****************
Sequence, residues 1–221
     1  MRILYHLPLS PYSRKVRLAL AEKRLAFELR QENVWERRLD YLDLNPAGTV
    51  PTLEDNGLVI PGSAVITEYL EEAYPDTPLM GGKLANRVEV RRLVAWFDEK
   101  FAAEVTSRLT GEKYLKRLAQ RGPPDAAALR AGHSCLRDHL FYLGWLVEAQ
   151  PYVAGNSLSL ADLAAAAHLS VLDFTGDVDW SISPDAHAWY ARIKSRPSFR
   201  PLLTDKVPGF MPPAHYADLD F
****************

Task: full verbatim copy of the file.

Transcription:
Sequence, residues 1–221
     1  MRILYHLPLS PYSRKVRLAL AEKRLAFELR QENVWERRLD YLDLNPAGTV
    51  PTLEDNGLVI PGSAVITEYL EEAYPDTPLM GGKLANRVEV RRLVAWFDEK
   101  FAAEVTSRLT GEKYLKRLAQ RGPPDAAALR AGHSCLRDHL FYLGWLVEAQ
   151  PYVAGNSLSL ADLAAAAHLS VLDFTGDVDW SISPDAHAWY ARIKSRPSFR
   201  PLLTDKVPGF MPPAHYADLD F